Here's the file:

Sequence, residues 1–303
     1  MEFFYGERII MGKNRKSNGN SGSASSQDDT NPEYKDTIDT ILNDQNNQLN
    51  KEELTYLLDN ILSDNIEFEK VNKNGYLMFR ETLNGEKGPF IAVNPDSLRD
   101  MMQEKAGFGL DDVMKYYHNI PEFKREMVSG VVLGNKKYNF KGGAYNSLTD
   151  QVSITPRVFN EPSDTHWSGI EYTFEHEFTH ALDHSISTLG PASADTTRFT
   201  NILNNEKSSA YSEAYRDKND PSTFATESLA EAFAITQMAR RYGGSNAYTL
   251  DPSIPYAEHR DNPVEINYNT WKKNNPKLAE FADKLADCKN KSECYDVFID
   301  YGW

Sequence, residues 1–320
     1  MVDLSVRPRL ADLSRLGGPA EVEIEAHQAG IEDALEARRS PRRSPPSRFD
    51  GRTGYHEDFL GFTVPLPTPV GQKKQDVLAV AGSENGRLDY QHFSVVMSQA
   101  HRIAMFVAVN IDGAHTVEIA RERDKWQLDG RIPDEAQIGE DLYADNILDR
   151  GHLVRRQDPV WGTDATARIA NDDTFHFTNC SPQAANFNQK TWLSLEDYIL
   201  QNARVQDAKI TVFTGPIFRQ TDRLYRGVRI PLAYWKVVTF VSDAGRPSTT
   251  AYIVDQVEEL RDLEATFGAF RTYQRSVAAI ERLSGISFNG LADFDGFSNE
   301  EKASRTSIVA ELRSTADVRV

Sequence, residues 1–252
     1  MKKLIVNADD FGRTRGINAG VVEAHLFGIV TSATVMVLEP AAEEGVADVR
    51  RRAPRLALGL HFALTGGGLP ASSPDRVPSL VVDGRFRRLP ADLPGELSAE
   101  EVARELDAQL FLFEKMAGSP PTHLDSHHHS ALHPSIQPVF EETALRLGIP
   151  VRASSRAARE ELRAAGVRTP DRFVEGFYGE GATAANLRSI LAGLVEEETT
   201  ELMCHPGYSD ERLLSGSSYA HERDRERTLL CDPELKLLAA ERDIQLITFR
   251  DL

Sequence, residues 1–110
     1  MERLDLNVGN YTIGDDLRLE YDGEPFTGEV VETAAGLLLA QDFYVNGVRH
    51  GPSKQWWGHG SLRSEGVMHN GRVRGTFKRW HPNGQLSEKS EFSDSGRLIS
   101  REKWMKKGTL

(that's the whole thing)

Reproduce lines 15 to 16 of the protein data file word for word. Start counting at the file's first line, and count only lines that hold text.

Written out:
   251  AYIVDQVEEL RDLEATFGAF RTYQRSVAAI ERLSGISFNG LADFDGFSNE
   301  EKASRTSIVA ELRSTADVRV